Life in Camberwick Green, Trumpton and Chigley



My fellow Brits of a certain age may remember the TV children's programmes Camberwick Green, Trumpton and Chigley. They first aired on the BBC in 1967 so I'm guessing only a few of you have heard of them.

  

For you young whippersnappers who can't even remember Farrah Fawcett’s hair in Charlie’s Angels, they were animated shows set in the three eponymous villages.

  

Of course it was an idealised version of life in - I suppose - the 1950s. After all there was no need to scare children to death with stories of drugs, sex and rock and roll, even if such shenanigans were going on in some parts of the country.

 

The Trumpton, Camberwick Green and Chigley residents had to deal with crises like a shortage of flour or a swarm of bees, not the problem of skunk being sold in the school playground.

 

Episodes had hard-hitting titles like Cuthbert’s Morning Off, so you can imagine not much vandalism, wife swapping or glue-sniffing in the park went on.

  

There was even a village policeman, PC McGarry, keeping everyone in order. There was Chippy Minton the carpenter, Mrs Cobbit the florist,  Mickey Murphy the baker and Windy Miller  who ran the working mill, to name but a few of the characters.


The village where I live once bore a resemblance to Camberwick Green and Trumpton. We had a shop, a butcher's, a hairdresser’s and a full-time post office. All those are long gone.

  

But after my initial reaction of anger at losing one more village service came a feeling of guilt. After all, how often did I use the village shops? I bank online and I do a lot of shopping online.  I rarely buy a stamp. If I do, I get it from the supermarket.

 

Until recently I worked 25 miles away from my village so it was easier to get everything I needed in the supermarket near my office rather than make a special effort on a Saturday to use local suppliers.

  

There are a lot of people like me in the village so I guess I am part of the collective guilt for rural areas losing their services.

  

Now I work from home, I would really value those shops - but it's too late.  At least there are still plenty of local tradespeople like plumbers, carpenters and builders. And my village is still a pleasant place to live with very little crime. And for that I am truly thankful.



✋ 80s band Half Man Half Biscuit politicised the programmes with the legendary Trumpton Riots, which you can find on Youtube if  you want to hear it (I personally wouldn't recommend it!) Here are the lyrics:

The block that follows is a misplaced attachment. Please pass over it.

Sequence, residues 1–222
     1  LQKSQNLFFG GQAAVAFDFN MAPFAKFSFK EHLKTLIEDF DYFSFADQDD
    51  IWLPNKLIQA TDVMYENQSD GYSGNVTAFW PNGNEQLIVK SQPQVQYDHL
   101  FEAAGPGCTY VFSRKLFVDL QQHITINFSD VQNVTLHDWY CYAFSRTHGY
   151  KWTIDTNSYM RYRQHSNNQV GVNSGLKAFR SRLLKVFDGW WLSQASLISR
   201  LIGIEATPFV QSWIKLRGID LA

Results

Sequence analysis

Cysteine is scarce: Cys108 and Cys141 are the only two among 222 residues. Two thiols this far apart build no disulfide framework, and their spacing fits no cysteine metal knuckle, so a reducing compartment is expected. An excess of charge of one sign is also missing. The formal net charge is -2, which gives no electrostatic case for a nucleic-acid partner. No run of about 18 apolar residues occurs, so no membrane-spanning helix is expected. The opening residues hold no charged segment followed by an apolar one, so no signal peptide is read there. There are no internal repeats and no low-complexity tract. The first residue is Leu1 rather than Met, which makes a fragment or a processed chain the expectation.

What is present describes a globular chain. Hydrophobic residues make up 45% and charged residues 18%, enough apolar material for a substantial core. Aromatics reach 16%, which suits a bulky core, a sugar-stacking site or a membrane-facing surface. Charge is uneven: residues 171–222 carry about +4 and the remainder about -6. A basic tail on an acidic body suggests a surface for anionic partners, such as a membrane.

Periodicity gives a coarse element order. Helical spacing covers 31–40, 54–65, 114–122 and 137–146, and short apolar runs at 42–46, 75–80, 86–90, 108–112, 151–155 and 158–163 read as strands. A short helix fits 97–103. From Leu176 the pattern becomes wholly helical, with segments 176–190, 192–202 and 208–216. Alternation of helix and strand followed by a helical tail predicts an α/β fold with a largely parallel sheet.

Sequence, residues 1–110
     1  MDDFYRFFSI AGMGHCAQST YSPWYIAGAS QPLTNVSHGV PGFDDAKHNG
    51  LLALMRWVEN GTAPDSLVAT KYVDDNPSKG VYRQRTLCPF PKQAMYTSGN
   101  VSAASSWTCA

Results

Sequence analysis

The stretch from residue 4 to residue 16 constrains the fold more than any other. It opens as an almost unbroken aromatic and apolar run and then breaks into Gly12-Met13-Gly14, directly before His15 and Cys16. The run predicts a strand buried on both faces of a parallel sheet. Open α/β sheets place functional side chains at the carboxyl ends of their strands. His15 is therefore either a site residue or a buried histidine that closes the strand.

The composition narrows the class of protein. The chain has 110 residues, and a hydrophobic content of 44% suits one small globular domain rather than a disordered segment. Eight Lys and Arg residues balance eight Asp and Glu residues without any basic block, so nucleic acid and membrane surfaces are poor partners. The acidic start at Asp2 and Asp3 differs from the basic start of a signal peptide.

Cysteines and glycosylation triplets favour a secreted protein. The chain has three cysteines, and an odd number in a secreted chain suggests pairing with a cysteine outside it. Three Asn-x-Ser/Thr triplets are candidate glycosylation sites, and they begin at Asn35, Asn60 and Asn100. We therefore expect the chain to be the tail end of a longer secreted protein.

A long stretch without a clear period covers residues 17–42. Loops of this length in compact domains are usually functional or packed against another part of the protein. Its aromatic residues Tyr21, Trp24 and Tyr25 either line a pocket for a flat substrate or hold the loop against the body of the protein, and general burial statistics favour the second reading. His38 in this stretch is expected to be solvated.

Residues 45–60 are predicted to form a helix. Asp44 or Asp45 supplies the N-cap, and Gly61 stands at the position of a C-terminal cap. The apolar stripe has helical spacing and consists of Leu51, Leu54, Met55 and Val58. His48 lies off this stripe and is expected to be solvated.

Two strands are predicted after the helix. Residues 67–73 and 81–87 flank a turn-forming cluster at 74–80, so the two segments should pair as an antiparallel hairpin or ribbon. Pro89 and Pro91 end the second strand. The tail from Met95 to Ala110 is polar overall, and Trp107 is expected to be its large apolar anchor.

Unemployment’s rising in the Chigley end of town
And it’s spreading like pneumonia,
Doesn’t look like going down.
There’s trouble at the fire station, someone’s had the sack
And the lads are going to launch a scheme to get rid of Captain Flack.
Tell PC McGarry to get himself a mate
And arm themselves with CS gas,
They’re gonna be out late.
We’ve had cant conformism since 1966
And now subversion’s in the air in the shape of flying bricks.

Someone get a message through to Captain Snort
That they’d better start assembling the boys from the fort
And keep Mrs Honeyman right out of sight
‘Cos there’s gonna be a riot down in Trumpton tonight.

All this aristocracy has really got to stop
We can overthrow the surgery and kidnap Dr Mopp
And Chippy Minton’s Socialists could storm the Market Square
And make plans to assassinate our autocratic Mayor.
Windy Militant leads his Basque-like corn grinders to war
With windmill sails and bombs with nails they smash the town hall door
But Snorty and his boys arrive with one big erstwhile crew
Whereupon they bring about a military coup


 

 



 

 

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4 comments:

  1. Oh, those shows might be such a tonic today or maybe the opposite and make us depressed that they are now days fiction. Kind of like our old Andy Griffith's shows. Sigh.

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  2. There's something nostalgic about the shows we watched as children. Our shows in the US were different from yours.

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  3. Oh! I like Half Man Half Biscuit now that you introduced me. ~grin~ Happy Holidays!

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